Hans Holbein, Portrait of a Young Man
Portrait of a Young Man,
before treatment, raking light from top


This drawing is from the collection of the Nelson-Atkins Museum. Examination
of the drawing revealed that the support, multiple sheets of paper glued
together, a technique typical of Holbein, was pulling away from the mount
at its lower edge. Red chalk, apparently from another drawing, was visible
on the lower edge of the verso in the released area. The action of the lifting
support was tearing the drawing on the verso into fragments as portions
remained adhered to the mount.

The mount was incised along the edges of the drawing. The drawing and
the attached portion of the mount were released. The drawing was placed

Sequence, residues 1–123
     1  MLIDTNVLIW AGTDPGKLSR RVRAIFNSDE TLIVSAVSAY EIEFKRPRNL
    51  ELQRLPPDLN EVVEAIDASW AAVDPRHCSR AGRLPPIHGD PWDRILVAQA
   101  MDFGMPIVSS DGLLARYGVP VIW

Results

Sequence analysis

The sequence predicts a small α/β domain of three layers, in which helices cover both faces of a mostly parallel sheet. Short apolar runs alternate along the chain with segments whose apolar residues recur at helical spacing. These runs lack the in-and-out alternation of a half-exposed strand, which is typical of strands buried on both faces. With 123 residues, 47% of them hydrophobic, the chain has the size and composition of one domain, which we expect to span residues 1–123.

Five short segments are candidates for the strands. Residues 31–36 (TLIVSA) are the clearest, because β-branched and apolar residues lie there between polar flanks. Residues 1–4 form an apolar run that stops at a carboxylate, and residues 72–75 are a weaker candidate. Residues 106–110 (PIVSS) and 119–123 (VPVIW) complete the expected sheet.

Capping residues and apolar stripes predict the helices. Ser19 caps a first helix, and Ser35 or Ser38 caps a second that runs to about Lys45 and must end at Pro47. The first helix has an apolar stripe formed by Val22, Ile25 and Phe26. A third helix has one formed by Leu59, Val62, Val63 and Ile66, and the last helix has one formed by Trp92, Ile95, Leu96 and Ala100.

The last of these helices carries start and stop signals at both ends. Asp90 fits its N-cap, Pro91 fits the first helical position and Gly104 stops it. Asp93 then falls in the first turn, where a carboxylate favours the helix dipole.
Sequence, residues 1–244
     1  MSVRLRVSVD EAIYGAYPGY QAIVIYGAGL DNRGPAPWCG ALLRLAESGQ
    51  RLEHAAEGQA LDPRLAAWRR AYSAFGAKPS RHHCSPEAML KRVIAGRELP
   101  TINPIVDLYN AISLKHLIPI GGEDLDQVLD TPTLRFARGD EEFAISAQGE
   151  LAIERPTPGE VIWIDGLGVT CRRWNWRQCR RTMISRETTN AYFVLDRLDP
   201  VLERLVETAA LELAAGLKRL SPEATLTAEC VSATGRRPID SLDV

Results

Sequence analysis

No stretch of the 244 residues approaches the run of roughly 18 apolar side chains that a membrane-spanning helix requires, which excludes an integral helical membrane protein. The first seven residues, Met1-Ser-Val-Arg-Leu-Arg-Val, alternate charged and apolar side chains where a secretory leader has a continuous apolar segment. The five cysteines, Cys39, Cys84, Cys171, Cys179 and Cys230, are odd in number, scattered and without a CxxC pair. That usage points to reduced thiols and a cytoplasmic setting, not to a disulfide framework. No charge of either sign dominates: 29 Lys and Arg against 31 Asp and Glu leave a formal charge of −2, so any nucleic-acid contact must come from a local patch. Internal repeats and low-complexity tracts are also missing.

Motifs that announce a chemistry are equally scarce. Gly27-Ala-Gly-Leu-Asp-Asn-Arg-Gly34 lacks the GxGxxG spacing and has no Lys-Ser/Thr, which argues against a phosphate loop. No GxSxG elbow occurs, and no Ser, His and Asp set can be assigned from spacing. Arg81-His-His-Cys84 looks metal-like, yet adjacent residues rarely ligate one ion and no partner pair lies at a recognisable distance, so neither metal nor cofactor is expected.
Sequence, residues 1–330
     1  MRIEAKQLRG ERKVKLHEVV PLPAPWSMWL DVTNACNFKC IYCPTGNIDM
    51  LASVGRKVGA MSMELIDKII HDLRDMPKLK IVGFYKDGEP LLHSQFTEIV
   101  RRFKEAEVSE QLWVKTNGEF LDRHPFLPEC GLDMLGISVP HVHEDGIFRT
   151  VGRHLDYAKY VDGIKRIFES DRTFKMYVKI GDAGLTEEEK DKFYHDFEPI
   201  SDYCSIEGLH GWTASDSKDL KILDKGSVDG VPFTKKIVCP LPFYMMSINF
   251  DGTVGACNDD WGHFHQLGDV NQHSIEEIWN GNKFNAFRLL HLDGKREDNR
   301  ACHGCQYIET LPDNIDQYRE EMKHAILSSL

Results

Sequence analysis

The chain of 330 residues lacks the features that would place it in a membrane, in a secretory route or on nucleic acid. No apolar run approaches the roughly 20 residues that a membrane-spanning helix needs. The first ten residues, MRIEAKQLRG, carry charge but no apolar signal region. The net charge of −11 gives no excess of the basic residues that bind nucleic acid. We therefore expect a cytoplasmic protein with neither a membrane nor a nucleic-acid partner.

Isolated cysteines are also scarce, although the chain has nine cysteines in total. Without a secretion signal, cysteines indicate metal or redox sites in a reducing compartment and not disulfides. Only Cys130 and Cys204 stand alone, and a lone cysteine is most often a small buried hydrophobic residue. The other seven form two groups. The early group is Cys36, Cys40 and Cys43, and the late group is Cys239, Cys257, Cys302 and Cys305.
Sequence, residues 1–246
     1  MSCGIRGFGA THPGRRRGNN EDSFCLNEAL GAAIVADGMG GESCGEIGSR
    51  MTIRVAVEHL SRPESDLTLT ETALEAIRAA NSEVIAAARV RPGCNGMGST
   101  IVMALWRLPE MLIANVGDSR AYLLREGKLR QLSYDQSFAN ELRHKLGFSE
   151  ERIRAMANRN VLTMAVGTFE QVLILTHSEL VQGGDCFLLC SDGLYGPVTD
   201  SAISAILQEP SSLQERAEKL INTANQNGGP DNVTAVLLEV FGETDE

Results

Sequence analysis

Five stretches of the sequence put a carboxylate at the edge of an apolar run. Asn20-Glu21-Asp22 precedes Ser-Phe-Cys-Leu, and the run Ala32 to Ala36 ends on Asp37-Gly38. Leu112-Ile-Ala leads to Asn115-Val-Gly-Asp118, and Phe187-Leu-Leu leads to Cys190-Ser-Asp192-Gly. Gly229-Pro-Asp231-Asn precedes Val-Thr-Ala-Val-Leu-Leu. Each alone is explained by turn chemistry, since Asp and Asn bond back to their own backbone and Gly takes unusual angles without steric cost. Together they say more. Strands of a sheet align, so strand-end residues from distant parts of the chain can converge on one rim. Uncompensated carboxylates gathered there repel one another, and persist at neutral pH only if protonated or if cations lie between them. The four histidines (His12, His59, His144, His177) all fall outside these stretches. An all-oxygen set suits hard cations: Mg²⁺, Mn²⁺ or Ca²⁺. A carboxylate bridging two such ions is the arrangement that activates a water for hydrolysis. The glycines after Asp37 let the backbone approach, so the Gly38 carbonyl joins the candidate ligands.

face down and the mount remnant was thinned using a scalpel. The mount
remnants were released using agar poultices to soften the adhesive. The
fragments of the exposed drawing remnants were reattached using wheat
starch paste.

The drawing on the lower edge of the verso proved to be the cap of
St. James with a cockle shell (his attribute) attached. A new core was

created for the mount using four ply museum board. Mulberry paper strips
were attached to the right, top and left edges of the verso of the drawing.
The drawing was attached to the new core and the core was secured into
the frame of the original mount. A window cut into the new core, glazed
with Mylar, offers visual access to the drawing on the verso.

Portrait of a Young Man,
after treatment
Portrait of a Young Man,
during treatment







Photo Credits: Nelson-Atkins Museum of Art

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Copyright 2008 by Mark Stevenson Paper Conservation. All rights reserved.  Revised: 08/23/08 01:59:29 -0400.